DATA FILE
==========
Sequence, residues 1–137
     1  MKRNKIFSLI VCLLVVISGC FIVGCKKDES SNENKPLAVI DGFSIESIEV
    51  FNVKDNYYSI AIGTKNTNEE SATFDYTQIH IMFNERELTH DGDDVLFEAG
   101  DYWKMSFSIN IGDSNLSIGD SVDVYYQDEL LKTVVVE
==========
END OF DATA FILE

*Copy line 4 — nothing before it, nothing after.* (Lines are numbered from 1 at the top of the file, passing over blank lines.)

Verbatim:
   101  DYWKMSFSIN IGDSNLSIGD SVDVYYQDEL LKTVVVE